Lewis and Clark vs. Urban Growth

Lewis and Clark’s 1804-1806 Corps of Discovery expedition helped open the gates to the American West. Millions literally followed in their footsteps and many of them created cities which grew and grew and grew.

This geospatial analysis uses the locations of their 1804 campsites over a modern-day map aerial image to determine if the campsites for the journey that helped define America are still around.

Those millions, though, settled in relatively few places along their route. While river towns developed along the Missouri River — particularly the lower Missouri River — relatively few large population centers emerged.  That’s Kansas City and St. Louis, really, in Missouri.

We took a look at where the sites were and how they compared with current urban growth. The question: Did the gates to the West flung open by Lewis and Clark and the Corps of Discovery eventually flood population over their campsites?

The answer is not really. Since their campsites were directly adjacent to the river and prone to flooding, there hasn’t been much development around them.

In fact, less than 20 percent of their campsites in Missouri from the 1804 trip are within  a half-mile of urban growth.  The image below is the St. Louis area from the confluence of the Missouri and the Mississippi to about the Washington, Mo. area (the map reads sequentially from east to west. The furthest east dot is the corps’ winter quarters at the mouth of the Fox River; a sidenote is that the river’s course has shifted significantly since 2004 and the corps’ winter quarters were on the Illinois side).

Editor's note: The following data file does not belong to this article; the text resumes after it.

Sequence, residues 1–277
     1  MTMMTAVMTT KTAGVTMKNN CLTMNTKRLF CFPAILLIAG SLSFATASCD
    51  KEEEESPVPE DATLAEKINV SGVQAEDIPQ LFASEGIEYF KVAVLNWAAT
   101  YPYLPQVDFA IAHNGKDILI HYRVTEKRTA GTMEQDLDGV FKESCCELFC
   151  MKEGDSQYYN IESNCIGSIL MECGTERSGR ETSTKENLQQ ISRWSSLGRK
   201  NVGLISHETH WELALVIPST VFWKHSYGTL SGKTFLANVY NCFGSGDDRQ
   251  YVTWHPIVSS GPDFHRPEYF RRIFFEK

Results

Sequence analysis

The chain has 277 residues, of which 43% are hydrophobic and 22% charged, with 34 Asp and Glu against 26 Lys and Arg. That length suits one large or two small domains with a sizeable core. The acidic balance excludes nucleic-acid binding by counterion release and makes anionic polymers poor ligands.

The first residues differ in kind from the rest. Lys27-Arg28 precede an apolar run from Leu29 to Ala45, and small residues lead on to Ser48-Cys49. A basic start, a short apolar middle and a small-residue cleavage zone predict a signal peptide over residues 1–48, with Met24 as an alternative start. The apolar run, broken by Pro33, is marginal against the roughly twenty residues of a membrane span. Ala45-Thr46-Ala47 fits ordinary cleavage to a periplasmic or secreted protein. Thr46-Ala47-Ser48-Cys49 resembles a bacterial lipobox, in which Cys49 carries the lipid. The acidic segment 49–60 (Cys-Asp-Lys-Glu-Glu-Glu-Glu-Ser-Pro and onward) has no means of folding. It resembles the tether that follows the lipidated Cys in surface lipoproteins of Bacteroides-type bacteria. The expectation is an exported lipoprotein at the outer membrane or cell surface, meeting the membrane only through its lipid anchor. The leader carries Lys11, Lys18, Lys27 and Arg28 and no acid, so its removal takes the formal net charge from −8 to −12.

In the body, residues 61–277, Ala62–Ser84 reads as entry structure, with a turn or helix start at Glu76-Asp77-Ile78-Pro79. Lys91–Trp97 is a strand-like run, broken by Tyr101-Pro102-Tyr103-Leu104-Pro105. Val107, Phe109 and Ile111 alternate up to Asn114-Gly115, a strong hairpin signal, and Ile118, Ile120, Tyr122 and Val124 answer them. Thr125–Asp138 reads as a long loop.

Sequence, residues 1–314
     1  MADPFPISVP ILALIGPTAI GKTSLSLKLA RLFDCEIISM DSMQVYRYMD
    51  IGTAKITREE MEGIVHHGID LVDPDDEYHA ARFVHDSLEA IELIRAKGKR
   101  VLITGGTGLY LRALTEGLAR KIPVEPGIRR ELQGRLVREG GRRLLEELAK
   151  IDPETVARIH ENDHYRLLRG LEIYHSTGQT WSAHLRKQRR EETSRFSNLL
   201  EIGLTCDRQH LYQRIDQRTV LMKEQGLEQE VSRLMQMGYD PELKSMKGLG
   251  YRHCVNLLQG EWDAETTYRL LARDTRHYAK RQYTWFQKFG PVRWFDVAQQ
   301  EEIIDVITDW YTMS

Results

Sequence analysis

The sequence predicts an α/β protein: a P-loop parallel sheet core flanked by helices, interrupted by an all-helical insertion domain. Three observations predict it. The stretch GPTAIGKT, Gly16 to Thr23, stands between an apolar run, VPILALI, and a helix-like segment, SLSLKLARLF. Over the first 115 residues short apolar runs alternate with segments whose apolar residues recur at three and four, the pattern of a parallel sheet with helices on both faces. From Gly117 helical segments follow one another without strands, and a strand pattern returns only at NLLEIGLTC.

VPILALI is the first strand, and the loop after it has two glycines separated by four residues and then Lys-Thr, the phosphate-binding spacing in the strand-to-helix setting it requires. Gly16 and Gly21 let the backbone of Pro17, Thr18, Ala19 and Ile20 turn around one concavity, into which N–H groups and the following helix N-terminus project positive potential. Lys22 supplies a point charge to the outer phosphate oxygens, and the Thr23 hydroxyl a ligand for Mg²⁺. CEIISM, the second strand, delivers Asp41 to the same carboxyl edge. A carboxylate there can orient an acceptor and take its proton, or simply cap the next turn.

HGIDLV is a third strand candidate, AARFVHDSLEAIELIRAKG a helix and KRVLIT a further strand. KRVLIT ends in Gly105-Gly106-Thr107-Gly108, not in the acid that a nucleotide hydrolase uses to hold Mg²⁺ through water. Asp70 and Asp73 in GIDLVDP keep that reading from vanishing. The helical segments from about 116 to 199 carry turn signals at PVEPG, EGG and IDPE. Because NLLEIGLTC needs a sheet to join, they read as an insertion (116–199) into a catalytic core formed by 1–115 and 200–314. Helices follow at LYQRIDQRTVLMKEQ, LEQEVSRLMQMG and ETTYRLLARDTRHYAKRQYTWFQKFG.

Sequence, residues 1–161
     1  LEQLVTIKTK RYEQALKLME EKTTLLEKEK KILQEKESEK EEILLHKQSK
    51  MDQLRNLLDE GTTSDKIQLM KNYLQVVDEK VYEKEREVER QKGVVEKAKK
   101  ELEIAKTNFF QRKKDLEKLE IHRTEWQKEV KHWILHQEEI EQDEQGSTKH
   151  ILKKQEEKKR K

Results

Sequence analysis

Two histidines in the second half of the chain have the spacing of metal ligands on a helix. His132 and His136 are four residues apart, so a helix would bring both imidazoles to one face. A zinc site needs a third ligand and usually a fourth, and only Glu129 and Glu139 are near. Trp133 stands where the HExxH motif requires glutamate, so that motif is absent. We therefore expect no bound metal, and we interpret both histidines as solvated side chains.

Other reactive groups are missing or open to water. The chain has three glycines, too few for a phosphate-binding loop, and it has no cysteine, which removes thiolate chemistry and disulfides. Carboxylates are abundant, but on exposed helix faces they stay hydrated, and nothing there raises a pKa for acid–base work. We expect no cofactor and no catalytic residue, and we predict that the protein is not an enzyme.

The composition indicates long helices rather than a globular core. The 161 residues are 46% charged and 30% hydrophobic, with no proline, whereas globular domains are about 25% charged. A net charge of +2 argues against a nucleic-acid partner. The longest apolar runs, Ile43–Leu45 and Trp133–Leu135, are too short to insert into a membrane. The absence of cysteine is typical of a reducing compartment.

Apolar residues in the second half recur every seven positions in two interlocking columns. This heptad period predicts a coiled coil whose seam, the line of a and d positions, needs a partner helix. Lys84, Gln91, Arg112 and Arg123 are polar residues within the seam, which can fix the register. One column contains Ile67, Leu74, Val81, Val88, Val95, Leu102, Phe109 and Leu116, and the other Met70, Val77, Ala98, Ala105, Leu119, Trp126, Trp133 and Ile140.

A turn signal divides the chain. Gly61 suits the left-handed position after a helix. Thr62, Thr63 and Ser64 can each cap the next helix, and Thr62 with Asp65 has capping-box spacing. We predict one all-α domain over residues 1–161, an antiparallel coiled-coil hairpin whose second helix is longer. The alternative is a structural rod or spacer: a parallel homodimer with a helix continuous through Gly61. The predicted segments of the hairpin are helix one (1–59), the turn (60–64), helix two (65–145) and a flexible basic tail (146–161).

The third, fourth and fifth campsites are still in the urban growth areas, but none of them have been overrun by growth, as we’ve seen on battlefields such as Gettysburg and Antietam.

The pattern is repeated in the Kansas City area. Only one campsite is deeply in the urban core, the one located at the confluence of the Kansas and Missouri rivers.


Even there, it’s still a preserved area. Our datum point isn’t in an industrial park.


Why is it that these campsites haven’t been overrun by growth when locations of similar historic importance around the country have?

​The answer seems to be land value.  Camping on flat lands adjacent to the river meant the corps was camping in the alluvial flood plain, where the richest farming land is located. It got so rich and full of nutrients because of regular flooding. And while there has been a spate of building in the Missouri River floodplain around St. Louis, the areas where the campsites were are too close to the river and, consequently, too valuable and too full of risk to build over.